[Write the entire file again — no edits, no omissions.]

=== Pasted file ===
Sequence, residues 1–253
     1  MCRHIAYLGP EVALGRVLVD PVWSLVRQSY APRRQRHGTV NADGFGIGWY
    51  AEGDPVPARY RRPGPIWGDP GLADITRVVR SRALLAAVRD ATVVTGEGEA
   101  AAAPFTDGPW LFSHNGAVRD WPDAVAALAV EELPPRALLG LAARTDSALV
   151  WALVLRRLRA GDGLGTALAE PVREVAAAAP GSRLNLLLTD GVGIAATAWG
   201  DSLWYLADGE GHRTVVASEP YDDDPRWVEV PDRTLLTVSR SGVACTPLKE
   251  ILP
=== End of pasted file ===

Sequence, residues 1–253
     1  MCRHIAYLGP EVALGRVLVD PVWSLVRQSY APRRQRHGTV NADGFGIGWY
    51  AEGDPVPARY RRPGPIWGDP GLADITRVVR SRALLAAVRD ATVVTGEGEA
   101  AAAPFTDGPW LFSHNGAVRD WPDAVAALAV EELPPRALLG LAARTDSALV
   151  WALVLRRLRA GDGLGTALAE PVREVAAAAP GSRLNLLLTD GVGIAATAWG
   201  DSLWYLADGE GHRTVVASEP YDDDPRWVEV PDRTLLTVSR SGVACTPLKE
   251  ILP